______________________________________AAD-216 HPLCFactor RT GC-RT MW______________________________________F1 5.9 11.8 2162 11.9 2143 12.1 216G1 7.7 10.8 2122 12.9 2303 13.0 230H 8.4 13.8 230J 8.7 13.3 230K 9.1 13.8 230L1 9.2 13.3 2302 13.6 2303 13.8 228M1 10.1 14.1 2442 14.1 2443 13.3 230N 10.6 14.1 244O 10.7 14.6 244P1 11.4 14.5 2442 9.7 2023 6.5 172Q 11.7 9.7 202D 12.8 7.9 184R 13.6 8.2 184S 14.0 7.4 186B1 16.3 7.9 186B2 16.7 8.9 200B3 17.8 9.3 (1)B3-4 17.9 9.3 (1) 10.0 (1) 10.5 (1)B5 18.8 8.7 (1)C1 19.6 10.2 214C2 20.1 10.6 214C3 20.7 10.0 214C4 20.8 10.6 214C5 21.0 11.4 226C5-6 21.3 11.3 226 11.4 226______________________________________ (1) GC Mass spectroscopy not done. Based on GCRT, the molecular weight is presumed to be 200.
Absolute GC retention times, of course, will vary with conditions of a given run. In the same GC assay, a commercially available standard mix of methyl esters of C8-12 fatty acids (Supelco) had the following GC retention times:
______________________________________ C7 H15 CO2 CH3 5.2 C8 H17 CO2 CH3 6.6 C9 H19 CO2 CH3 7.9 C10 H21 CO2 CH3 9.3 C11 H23 CO2 CH3 10.6______________________________________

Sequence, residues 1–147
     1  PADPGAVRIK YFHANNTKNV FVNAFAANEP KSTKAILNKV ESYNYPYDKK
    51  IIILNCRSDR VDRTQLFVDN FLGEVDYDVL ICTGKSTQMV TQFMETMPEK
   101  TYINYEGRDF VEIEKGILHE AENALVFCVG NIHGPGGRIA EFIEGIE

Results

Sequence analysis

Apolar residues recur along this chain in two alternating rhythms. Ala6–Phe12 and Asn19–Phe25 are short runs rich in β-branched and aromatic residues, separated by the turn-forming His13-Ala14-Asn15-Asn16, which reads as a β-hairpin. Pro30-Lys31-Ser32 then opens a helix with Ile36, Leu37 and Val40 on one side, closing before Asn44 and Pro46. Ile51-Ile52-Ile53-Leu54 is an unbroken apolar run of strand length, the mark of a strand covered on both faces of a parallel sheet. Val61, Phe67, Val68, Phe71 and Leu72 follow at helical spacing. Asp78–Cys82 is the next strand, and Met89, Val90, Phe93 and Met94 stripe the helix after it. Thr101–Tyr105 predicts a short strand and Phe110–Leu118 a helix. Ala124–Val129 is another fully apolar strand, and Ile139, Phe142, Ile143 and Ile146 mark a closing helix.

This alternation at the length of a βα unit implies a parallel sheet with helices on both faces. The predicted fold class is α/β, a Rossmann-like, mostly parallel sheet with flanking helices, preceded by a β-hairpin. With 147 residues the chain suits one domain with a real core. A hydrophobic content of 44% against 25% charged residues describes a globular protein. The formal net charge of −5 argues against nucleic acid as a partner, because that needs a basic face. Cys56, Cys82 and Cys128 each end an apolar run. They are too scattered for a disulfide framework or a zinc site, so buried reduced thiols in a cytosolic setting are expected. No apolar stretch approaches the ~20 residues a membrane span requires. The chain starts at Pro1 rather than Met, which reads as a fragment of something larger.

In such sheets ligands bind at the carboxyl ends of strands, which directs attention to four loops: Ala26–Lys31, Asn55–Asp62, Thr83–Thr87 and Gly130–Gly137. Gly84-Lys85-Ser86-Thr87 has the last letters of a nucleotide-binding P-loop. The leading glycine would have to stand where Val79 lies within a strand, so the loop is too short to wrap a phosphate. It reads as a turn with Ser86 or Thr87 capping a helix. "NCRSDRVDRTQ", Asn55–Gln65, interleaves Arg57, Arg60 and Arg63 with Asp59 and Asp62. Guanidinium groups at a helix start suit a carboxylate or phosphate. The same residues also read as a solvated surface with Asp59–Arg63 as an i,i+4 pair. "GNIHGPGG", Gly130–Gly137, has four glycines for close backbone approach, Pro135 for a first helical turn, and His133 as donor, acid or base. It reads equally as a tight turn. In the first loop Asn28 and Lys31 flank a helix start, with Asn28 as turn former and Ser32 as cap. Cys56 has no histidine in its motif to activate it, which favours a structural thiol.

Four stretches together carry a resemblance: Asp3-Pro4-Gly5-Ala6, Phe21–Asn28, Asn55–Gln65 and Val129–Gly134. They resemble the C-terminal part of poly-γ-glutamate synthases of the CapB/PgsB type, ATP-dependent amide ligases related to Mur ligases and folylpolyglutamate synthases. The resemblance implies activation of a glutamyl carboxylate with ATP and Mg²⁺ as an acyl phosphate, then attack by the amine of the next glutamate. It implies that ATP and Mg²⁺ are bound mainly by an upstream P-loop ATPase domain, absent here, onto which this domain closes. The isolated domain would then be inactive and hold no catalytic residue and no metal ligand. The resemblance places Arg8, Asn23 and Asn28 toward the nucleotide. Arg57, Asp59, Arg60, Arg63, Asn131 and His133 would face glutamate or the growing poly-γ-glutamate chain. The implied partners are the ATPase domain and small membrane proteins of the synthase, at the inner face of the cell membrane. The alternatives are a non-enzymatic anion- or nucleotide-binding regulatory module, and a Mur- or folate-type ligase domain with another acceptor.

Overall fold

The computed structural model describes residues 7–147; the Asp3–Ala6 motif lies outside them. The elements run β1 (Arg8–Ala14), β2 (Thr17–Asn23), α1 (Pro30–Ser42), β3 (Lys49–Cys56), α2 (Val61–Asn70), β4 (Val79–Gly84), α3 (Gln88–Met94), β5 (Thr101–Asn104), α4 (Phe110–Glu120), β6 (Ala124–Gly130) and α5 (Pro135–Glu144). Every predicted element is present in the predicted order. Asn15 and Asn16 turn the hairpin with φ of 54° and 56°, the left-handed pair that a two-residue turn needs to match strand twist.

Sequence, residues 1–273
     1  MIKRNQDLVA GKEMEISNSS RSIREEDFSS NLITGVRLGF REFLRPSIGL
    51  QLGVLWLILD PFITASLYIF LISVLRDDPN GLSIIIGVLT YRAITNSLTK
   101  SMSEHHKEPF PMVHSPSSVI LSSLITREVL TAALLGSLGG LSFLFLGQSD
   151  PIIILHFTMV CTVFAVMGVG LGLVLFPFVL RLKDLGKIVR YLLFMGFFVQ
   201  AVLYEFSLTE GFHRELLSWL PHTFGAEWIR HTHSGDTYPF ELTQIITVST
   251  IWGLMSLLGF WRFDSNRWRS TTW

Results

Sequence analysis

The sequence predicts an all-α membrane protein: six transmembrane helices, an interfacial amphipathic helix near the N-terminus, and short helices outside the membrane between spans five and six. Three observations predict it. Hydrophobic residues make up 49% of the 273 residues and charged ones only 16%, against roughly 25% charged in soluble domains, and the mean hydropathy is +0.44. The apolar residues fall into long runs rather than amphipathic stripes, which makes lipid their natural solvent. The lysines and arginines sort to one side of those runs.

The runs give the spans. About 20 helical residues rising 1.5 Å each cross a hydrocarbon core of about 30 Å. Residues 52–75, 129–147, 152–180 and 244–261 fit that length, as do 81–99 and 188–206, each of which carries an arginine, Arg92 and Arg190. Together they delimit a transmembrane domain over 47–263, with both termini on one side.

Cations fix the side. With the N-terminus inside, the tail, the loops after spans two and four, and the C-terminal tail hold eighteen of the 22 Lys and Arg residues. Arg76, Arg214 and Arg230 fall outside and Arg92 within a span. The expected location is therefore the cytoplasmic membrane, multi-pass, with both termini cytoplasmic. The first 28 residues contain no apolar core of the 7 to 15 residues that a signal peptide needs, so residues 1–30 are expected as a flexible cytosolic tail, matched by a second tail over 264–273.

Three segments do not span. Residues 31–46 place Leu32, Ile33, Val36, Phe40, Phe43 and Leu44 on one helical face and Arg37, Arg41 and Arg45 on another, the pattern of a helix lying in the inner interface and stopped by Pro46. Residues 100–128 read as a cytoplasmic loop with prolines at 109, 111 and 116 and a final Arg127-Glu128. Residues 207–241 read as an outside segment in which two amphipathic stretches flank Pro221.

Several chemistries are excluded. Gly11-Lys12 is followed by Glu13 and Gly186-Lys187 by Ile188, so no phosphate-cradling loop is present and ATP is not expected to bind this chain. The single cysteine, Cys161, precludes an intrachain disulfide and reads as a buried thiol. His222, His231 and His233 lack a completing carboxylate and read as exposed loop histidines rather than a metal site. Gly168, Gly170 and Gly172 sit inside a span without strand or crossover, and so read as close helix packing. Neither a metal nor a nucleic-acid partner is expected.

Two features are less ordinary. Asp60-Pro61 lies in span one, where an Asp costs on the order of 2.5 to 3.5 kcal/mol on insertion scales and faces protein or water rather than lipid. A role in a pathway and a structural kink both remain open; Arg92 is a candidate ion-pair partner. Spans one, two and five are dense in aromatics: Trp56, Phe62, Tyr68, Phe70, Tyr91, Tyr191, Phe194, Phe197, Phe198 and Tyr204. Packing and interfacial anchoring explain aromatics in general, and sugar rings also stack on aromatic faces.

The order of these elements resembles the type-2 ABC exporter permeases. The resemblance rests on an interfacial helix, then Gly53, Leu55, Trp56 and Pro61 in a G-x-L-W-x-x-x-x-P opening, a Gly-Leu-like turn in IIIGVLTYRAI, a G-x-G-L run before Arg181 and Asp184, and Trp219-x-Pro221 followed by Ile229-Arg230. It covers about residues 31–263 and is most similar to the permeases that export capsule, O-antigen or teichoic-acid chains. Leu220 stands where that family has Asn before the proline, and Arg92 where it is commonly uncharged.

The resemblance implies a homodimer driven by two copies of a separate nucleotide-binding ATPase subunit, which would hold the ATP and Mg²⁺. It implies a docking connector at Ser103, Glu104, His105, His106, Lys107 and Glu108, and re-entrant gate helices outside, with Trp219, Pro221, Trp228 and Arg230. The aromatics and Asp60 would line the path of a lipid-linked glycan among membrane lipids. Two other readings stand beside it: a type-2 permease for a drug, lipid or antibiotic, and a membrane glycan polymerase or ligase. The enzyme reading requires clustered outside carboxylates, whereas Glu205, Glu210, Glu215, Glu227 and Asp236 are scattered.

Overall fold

The following table shows the predicted structure (number of carbon atoms, presence of hydroxyl (if any), unsaturation (if any) and branching of the chain (if any)) of the fatty acid (R3 COOH) of each of the above AAD-216 factors.
______________________________________AAD-216Factor Formula (R3 COOH)______________________________________F1 C11,OH2 C11,OH, olefin3 C11 OHG1 C12, olefin2 C12,OH3 C12,OHH,J,K,L1,L2 C12,OHL3 C12,OH, olefinM1,2 C13,OH3 C12,OHN,O,P1 C13,OHP2 C10,OH3 C9D C10, olefinQ C10,OHR C10, branched, olefinS C10, branchedB1 C10B2, B4, B5 C11, branchedB3 C11C1, C3 C12, branchedC2, C4 C12C5, C6 C13, branched______________________________________